formula for retained earnings on balance sheet

When a business earns a surplus income, it can either distribute the surplus as dividends to shareholders or reinvest the balance as retained earnings. You’ll want to find the financial statements section of a company’s annual report in order to find a company’s retained earnings balance and all the supporting figures you’ll need retained earnings on balance sheet to complete the calculation. Retained earnings can be used to pay additional dividends, finance business growth, invest in a new product line, or even pay back a loan. Most companies with a healthy retained earnings balance will try to strike the right combination of making shareholders happy while also financing business growth.

If you run a seasonal business, like a snow removal company, your retained earnings will likely vary across quarters. But the retained earnings of a year-round business like a car shop will be more constant. Depreciation – Depreciation can reduce net income, and therefore earnings retained, if a fixed asset’s cost is spread out over its useful lifespan. For our retained earnings modeling exercise, the following assumptions will be used for our hypothetical company as of the last twelve months (LTM), or Year 0. There are numerous factors that must be taken into consideration to accurately interpret a company’s historical retained earnings.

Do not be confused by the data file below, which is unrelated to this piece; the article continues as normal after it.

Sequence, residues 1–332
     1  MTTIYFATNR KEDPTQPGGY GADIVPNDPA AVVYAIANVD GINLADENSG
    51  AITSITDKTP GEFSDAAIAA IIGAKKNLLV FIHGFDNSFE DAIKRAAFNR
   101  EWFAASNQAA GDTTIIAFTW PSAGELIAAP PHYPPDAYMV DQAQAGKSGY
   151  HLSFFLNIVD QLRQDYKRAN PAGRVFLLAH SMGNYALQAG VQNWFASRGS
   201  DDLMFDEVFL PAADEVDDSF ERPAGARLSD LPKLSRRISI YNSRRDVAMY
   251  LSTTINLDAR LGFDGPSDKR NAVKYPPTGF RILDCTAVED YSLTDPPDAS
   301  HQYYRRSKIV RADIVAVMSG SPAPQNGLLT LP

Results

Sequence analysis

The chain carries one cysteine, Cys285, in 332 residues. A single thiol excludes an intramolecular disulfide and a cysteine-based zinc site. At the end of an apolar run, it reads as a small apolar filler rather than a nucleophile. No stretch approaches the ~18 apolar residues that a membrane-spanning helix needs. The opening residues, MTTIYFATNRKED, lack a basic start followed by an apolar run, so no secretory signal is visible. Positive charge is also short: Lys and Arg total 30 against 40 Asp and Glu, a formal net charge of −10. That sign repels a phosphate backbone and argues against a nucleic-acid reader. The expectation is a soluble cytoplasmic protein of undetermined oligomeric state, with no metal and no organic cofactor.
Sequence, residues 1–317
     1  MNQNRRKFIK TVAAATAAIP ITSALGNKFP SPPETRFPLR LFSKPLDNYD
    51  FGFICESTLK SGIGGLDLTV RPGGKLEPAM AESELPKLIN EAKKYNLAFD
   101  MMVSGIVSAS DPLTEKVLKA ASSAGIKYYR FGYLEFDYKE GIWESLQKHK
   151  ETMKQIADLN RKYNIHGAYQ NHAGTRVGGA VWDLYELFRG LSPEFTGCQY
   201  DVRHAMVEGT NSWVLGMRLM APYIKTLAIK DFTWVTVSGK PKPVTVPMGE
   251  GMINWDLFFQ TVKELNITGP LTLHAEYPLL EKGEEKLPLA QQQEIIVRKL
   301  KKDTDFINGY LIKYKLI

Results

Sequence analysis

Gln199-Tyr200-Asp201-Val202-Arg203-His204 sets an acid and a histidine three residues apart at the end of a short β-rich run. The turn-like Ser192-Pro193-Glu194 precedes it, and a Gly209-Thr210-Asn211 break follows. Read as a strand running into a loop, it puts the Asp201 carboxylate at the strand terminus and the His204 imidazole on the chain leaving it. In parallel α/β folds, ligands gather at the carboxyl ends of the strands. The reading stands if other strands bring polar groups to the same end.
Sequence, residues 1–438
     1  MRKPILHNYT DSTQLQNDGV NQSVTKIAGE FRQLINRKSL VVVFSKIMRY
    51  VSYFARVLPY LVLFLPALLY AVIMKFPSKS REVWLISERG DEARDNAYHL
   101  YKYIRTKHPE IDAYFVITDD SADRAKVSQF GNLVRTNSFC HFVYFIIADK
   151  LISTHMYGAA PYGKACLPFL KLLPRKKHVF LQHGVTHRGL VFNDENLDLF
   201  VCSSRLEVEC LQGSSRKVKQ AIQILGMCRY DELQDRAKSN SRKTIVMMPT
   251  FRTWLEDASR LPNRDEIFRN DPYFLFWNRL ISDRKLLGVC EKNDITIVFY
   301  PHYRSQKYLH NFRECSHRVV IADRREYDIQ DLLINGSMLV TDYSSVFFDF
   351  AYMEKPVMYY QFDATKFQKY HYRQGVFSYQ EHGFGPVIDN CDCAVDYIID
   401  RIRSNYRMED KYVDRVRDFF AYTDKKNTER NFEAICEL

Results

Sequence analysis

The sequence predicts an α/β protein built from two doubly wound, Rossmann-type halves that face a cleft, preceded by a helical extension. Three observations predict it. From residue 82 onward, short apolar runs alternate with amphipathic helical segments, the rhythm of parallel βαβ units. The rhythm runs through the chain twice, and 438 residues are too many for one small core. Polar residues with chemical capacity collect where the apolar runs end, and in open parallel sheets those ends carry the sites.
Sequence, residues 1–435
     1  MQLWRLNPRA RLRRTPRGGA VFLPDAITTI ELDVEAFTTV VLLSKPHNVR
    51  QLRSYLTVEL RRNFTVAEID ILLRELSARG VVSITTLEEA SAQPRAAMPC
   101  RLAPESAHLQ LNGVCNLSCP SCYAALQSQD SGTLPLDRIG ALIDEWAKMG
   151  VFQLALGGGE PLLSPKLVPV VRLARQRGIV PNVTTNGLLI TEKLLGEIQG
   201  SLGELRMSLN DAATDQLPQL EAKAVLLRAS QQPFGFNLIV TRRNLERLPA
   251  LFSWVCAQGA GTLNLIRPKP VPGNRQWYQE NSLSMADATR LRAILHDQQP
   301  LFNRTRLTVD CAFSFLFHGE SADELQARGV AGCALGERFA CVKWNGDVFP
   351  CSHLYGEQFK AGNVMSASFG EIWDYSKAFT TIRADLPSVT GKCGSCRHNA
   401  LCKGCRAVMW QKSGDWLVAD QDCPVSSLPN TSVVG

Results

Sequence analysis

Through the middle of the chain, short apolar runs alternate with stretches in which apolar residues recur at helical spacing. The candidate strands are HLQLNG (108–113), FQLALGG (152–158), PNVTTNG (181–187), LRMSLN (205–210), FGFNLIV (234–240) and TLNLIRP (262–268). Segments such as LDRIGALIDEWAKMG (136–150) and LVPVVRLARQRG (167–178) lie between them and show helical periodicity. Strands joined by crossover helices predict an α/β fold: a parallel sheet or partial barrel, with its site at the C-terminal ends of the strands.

How to Interpret Retained Earnings?

As we’ve discussed, startups are generally expected to accumulate a deficit, and even if a startup is able to generate net income, it’s unlikely to pay dividends. The focus is on scaling their businesses, so retained earnings aren’t a major priority. Put simply, negative retained earnings aren’t a major concern for new companies as they’re likely using that money for operating expenses and reinvestment into the business.

The screenshot below is the income statement of Apple (AAPL) for the fiscal year ending 2022. The dotted red line in the shareholders’ equity section of the balance sheet is where the retained earnings line item can be found. Retained Earnings are the portion of a business’s profits that are not given out as dividends to shareholders but instead reserved for reinvestment back into the business. These funds are normally used for working capital and fixed asset purchases or allotted for paying of debt obligations. One way to assess how successful a company is in using retained money is to look at a key factor called retained earnings to market value. It is calculated over a period of time (usually a couple of years) and assesses the change in stock price against the net earnings retained by the company.

Example Retained Earnings Calculations

A maturing company may not have many options or high-return projects for which to use the surplus cash, and it may prefer handing out dividends. Mary Girsch-Bock is the expert on accounting software and payroll software for The Ascent. At the end of the current year, the company has $1,550,000 of retained earnings on hand.